Furs on the Farm

By: Clare

As I glance carelessly out the window, giant snowflakes are racing each other down from the sky to the ground, where they have collectively formed a white blanket over and across the wintry Wisconsin woods. The weathermen have predicted more than a foot of snow for today, and every school in the surrounding vicinity is canceled for the day. For a while I was content to wander aimlessly about the house, periodically checking Facebook and trying (and failing) to get the Netflix to load. And then, suddenly, I was hit with a brilliantly irrational..idea..

Next week, Mary is traveling to Pittsburgh to visit Kate for a few days. She’ll be taking along with her an assortment of various items that were left behind by our classy Grandma Slattery after she passed on. Next week Kate will not only be the proud owner of the usual china plates and cups, but also of the two impractical fur coats that our grandmother used to wear, along with a bright red pleather jacked. These coats weren’t originally supposed to go exclusively to Kate, but we knew as soon as we saw them that they just might not be the right fit for winter weather on an organic farm. For our own entertainment, we decided we might give you a little glimpse on the practicality of furs and pleather on the farm..

The one plus of a good fur coat is that it makes for a very classy glass of wine, even if it may be the middle of winter, and you are sitting precariously on a rusted blue metal folding chair.

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The fur coat I sported was heavy and cracking, and it all together felt like I was wearing a blanket of lead.
Also, I am somewhat ashamed to admit I have a bit of a phobia of chickens.

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Perhaps this is because I spent much of my childhood running from the many roosters we owned that liked to chase little kids down and peck at their bare legs.

This is generally my attitude towards them.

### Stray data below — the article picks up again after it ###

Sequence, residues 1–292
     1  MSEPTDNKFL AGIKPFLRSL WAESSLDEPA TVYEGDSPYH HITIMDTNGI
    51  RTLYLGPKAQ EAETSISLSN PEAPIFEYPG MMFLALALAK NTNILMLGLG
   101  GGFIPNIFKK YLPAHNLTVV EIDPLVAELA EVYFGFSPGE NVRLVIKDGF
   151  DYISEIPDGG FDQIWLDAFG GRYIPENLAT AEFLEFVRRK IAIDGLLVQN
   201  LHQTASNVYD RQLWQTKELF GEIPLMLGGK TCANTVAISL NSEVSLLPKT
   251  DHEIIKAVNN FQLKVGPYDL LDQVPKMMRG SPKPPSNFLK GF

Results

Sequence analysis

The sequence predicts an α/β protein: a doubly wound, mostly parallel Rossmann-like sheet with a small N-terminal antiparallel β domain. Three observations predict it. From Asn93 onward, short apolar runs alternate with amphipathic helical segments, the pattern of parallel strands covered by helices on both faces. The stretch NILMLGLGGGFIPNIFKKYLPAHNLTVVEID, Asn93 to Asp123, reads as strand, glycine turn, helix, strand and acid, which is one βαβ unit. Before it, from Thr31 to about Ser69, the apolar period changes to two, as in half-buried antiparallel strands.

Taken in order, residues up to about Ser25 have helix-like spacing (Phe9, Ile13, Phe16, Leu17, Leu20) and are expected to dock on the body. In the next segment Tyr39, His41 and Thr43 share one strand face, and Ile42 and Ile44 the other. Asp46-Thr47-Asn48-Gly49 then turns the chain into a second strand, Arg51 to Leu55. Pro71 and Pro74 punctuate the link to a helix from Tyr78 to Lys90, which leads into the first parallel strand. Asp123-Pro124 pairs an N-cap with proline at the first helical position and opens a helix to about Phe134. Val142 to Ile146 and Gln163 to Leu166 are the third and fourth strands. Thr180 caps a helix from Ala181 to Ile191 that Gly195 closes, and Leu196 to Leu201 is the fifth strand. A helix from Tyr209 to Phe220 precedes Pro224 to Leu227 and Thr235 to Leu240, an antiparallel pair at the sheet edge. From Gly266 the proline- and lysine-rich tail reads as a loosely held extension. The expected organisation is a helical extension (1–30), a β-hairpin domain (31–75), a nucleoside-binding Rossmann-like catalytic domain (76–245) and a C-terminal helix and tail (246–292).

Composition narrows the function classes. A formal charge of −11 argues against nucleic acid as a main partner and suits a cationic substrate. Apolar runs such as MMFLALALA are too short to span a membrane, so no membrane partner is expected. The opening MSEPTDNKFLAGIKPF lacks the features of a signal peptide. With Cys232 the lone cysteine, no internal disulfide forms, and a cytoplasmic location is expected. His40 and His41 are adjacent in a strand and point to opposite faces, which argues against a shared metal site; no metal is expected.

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I was wearing a lead blanket (not to mention the stiletto boots I was stumbling around the farmyard in), and I was in the midst of a little house filled with big chickens. While our old lab chewed on a thousand year old carcass of something or other below my boots.

Well played, Mary (who was gleefully laughing as she snapped photos), well played.

Alright, time to play the tough girl.

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Once I got over my discomfort, I began to glamorously collect the eggs.

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Oh, beautiful little egg.

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How, glorious, how positively divine.

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If there’s one thing that we do on the farm in winter, its haul, cut, collect, and stack wood. The wood stove doesn’t run itself!
Maybe this bright red pleather jacket would be a good suit for the job..

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Now that I’ve collected the wood, maybe I should stare off into the distance and ponder life’s greatest mysteries for a while. This coat makes you want to do that – solve mysteries, fight crime.

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The glamour leaves me, along with my sense of balance, as soon as I step outside the barn.

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Maybe this outfit isn’t so practical for hauling wood.

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We couldn’t help but pull out the white, fur-trimmed cape from one of Mary’s recent stunts as a winter bridesmaid as well. And it turns out fur capes aren’t very good for helping big brothers for carpentry projects, either.

Whaddya think, Rob?

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Judging by his tight smile, I’m guessing its a no.

They do look dramatic set against the backdrop of a tall, red-brick German church, however.

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Yes, I’m betting these coats will be much more at home on Kate as she parades through Pittsburgh than weighing me down in my daily work in Wisconsin.

Good-bye, impractical jackets, and thanks for the snow day entertainment!

 

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